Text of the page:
Since 1870, the US economy has been the largest economy in the world. Because the country has historically encouraged innovation and private ownership of businesses, the US economy has boomed.
The US economy is often referred to as a consumer economy. The free market allows supply and demand to determine the fate of private businesses.
The US is home to the most millionaires and billionaires of any nation in the world. Although the US economy is sometimes referred to as a capitalistic system, it is not a pure capitalistic system and never has been. For example, the US economy has always relied upon some government intervention through antitrust laws to bar monopolies from developing. The US economy is properly characterized as a mixed economy rather than a capitalistic one.
The government also intervenes with the US economy to encourage job growth and stable employment using lessons learned from the worst economic disaster in US history – the Great Depression. Economists recommend different stimulus plans to revive the US economy if needed.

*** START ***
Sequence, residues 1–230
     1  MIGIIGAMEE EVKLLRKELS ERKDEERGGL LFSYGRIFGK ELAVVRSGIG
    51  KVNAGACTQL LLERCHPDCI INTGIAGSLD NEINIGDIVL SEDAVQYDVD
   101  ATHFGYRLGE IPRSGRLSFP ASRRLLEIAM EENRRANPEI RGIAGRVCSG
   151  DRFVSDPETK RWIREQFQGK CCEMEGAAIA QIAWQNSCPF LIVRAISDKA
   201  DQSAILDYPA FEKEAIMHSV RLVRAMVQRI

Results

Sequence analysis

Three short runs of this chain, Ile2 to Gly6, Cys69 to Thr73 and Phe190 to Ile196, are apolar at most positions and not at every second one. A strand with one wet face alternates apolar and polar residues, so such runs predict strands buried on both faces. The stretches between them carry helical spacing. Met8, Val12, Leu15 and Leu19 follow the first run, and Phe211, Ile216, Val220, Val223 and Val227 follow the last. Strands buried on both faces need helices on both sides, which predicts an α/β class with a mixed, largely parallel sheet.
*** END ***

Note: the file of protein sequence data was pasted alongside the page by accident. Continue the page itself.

The government, businesses, Federal Reserve, and agriculture are all components of the US economy. The government’s job is to support the expansion of business and maintain a stable economy. The economy has mutated over time, with the focus shifting from agriculture to industry to service and technology.
Through a democratic voting system, Americans tell leaders what changes they would like to see in the economy. For example, the environment is a major concern, so voters may choose leaders who want to curb pollution, which in effect controls the level of tolerable emissions from the business sector.
In summary, the US economy is a dynamic interplay among the people, the government, and the business and banking sector.